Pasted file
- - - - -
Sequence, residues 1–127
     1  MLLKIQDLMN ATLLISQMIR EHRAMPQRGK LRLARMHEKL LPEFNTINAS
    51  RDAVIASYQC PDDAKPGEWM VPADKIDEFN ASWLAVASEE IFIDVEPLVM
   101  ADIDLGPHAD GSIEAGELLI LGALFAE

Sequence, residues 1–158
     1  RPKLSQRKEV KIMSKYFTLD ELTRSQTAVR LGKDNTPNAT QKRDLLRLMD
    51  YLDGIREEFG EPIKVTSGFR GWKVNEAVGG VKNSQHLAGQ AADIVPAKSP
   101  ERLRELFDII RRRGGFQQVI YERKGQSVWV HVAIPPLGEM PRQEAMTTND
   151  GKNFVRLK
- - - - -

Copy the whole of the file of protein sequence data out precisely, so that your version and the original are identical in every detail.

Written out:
Sequence, residues 1–127
     1  MLLKIQDLMN ATLLISQMIR EHRAMPQRGK LRLARMHEKL LPEFNTINAS
    51  RDAVIASYQC PDDAKPGEWM VPADKIDEFN ASWLAVASEE IFIDVEPLVM
   101  ADIDLGPHAD GSIEAGELLI LGALFAE

Sequence, residues 1–158
     1  RPKLSQRKEV KIMSKYFTLD ELTRSQTAVR LGKDNTPNAT QKRDLLRLMD
    51  YLDGIREEFG EPIKVTSGFR GWKVNEAVGG VKNSQHLAGQ AADIVPAKSP
   101  ERLRELFDII RRRGGFQQVI YERKGQSVWV HVAIPPLGEM PRQEAMTTND
   151  GKNFVRLK